Cultural Appropriation is difficult when it’s your own culture, granted, but I do still like to stay aware and make sure my work is faithful and respectful at all times.
Satisfied that what I wrote is “fair and true to the spirit of the folklore”, I finished the rest of the story.
Which sort of ended up accidentally also as a gay wolves love story, a little in passing, but there you go. Homosexuality is also fair and true to the spirit of the Irish tradition, as it happens 🌈👍
And that my friends, is an example of how we can unravel Old Magic in Irish Folklore. I teach a LOT more about Irish Magic in my courses on the Irish Pagan School:
The story we’re discussing is for Patrons only currently (but if you sign up for $3 now you’ll get instant access to that story PLUS over a year’s worth of other Tales of Old Ireland, and a new one every single month!) – Sign Up for $3 Here.
Or, if you’re reading this in December 2018 or beyond, you can go read the story right now…
Meditation and mindfulness are vital parts of any Pagan practice, and often they are either ignored by teachers, or it’s presumed that a student will simply… know how to do it.
Spoiler: most Western people don’t just *know* how to do meditation.
It’s a discipline which takes years to build: starting with simple breathing and visualisation exercises, and moving on to more involved practice such as guided meditation and Journeying in other worlds, for learning and healing purposes (primarily).
I’ve been actively meditating as part of my personal spiritual practice for over 22 years, and have been teaching my own Meditation and Guided Journeying technique – online and in person – to international audiences since 2013.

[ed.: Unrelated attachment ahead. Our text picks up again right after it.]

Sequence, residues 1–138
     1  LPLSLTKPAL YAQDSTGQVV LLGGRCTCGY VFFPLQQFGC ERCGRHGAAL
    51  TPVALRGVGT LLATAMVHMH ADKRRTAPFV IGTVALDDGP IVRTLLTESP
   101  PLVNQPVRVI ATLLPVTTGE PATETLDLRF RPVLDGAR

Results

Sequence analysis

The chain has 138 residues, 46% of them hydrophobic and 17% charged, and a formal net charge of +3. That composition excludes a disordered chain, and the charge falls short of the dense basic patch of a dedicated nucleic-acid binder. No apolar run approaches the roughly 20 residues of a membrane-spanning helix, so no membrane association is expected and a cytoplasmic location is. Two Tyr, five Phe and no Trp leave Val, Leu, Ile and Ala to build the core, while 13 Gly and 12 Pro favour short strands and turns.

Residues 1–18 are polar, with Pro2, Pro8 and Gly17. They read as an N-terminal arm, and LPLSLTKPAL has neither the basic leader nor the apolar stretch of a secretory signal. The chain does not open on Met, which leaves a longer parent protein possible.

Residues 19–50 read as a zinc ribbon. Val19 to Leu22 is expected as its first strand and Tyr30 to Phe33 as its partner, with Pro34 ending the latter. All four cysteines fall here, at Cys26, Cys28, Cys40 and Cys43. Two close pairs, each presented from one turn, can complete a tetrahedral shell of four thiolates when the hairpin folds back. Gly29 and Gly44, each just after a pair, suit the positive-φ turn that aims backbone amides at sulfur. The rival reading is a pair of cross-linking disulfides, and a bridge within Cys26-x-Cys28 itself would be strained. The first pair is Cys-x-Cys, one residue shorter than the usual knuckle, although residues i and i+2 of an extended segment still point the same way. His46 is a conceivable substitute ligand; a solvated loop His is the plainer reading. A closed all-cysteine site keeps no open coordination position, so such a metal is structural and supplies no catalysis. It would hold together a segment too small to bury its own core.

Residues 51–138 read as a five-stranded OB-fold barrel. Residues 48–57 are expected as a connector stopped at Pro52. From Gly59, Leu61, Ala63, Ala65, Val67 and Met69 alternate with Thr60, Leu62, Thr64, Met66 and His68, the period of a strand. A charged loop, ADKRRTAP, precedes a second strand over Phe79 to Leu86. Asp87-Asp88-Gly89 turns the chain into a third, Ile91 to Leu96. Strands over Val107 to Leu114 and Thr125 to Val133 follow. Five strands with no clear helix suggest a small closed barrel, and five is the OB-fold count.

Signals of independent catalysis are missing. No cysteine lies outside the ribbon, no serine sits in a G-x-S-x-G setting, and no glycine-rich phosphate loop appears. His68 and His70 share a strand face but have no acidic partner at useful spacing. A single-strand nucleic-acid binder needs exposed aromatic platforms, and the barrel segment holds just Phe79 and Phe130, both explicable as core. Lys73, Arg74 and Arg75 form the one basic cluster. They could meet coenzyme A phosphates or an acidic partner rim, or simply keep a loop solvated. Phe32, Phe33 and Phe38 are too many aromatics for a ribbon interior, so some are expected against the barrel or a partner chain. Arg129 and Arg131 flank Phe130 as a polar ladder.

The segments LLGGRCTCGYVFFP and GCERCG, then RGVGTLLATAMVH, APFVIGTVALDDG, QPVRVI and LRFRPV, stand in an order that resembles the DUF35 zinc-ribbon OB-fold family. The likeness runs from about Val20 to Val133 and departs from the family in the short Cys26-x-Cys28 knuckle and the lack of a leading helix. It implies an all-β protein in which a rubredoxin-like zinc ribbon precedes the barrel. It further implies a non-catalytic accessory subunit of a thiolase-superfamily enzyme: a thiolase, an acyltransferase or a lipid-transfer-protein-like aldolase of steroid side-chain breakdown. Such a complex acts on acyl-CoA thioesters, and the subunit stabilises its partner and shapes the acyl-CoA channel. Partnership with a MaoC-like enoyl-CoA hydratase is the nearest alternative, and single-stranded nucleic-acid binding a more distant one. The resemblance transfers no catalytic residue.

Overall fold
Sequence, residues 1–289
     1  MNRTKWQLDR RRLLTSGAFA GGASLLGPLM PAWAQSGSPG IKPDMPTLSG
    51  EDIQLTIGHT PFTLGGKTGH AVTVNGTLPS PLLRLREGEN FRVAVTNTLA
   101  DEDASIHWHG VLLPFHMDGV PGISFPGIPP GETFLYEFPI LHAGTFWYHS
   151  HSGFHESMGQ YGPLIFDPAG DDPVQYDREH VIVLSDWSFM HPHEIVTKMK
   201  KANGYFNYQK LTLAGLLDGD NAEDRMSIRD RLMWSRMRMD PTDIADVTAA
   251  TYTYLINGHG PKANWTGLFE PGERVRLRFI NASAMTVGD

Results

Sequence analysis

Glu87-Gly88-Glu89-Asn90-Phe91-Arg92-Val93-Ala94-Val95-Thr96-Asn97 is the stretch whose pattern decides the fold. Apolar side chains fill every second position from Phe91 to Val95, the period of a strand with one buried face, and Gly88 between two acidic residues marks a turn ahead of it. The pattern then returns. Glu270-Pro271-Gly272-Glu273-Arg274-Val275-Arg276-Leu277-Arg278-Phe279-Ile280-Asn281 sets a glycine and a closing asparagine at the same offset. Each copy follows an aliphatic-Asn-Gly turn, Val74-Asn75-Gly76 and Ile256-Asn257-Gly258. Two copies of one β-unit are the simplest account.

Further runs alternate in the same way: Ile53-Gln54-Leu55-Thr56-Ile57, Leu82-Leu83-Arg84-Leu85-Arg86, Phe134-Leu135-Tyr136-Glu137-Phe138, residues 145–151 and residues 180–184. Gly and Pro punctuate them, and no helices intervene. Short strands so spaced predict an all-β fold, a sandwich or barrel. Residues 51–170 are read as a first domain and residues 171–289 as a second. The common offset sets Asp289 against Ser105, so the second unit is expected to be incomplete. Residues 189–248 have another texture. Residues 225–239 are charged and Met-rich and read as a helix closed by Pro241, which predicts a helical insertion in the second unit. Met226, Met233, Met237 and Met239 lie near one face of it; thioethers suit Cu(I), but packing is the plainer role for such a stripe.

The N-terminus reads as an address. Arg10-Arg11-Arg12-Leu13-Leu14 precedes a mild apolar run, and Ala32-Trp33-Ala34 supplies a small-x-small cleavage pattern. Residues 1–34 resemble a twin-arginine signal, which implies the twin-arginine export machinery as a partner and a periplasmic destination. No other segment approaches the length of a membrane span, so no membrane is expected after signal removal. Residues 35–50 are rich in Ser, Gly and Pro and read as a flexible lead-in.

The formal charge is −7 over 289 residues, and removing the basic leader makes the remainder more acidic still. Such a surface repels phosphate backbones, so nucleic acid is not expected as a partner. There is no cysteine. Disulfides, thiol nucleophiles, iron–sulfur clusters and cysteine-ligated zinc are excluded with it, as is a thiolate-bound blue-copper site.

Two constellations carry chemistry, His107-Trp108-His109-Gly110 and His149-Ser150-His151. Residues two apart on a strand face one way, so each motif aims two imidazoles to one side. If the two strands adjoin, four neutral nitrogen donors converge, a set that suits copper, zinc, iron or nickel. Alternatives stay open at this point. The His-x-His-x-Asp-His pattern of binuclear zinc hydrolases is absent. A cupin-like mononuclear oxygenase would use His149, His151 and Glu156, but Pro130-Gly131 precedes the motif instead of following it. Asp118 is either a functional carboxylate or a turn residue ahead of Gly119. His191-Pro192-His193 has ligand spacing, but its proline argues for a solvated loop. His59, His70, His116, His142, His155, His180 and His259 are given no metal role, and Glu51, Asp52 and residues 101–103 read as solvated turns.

My basic technique was developed for beginners, over the course of a 20+ year personal journey, and in line with psychological best practice, to make relaxing meditation and Journeying in the Irish otherworld safe and accessible for everyone.
Guided Meditation is probably the most widely relatable and understood term for how I teach you to Journey in the Irish Otherworld, which comes easily and quickly after building a foundational daily meditation habit.
The Guided Meditation system you can learn with me is unique, and strongly rooted in my native Irish culture.
We start at Ground Level, and later levels fulfil a deep spiritual longing for ancestral connection and continuance, while the foundations you can build on will remain useful and suitable for anyone who just wants to learn a practical way to meditate – particularly if you’ve never been able to do that before!
We begin with simple, easy relaxation and mindfulness meditations, to build a habit and develop the necessary skillset to progress. This is ‘Ground Level’, if you like, for the complete beginner – or those who want to take a refresher with a new voice. As a bonus, it’s all done with my soothing Irish accent. 😉
As the Irish Pagan School curriculum progresses, more courses will be offered that will build a solid meditation and mindfulness practice for anyone willing to put in the work. The benefits of meditation are immense, and I will be expanding on them as we go through this series of articles.
Currently, the Ground Level exercises, as well as our Level One Introductory Class and Guided Meditation Journey to the Beach, are available completely free in the Irish Otherworld Journeys – Getting Started Mini Course on the Irish Pagan School.
When you have completed the classes and practiced the meditation techniques at Ground Level and Level One, there are other options for you to learn from, such as the Level Two: Irish Otherworld Journeys – Next Steps.
I am a Priest and a Draoí of the Old Religion of Ireland. As such, I have a duty of service and responsibility to my community, and to any who want to connect to Ireland in an authentic way.
Yes, I could charge for the free courses I offer through the Irish Pagan School. To be honest, I think folk might appreciate them more, and do more work with the materials, if they were paying for it. 🤷♀️ Such is the nature of humanity!
BUT, there’s plenty to pay for if you want to support the work I do. This one is a gift from a Draoí, for free.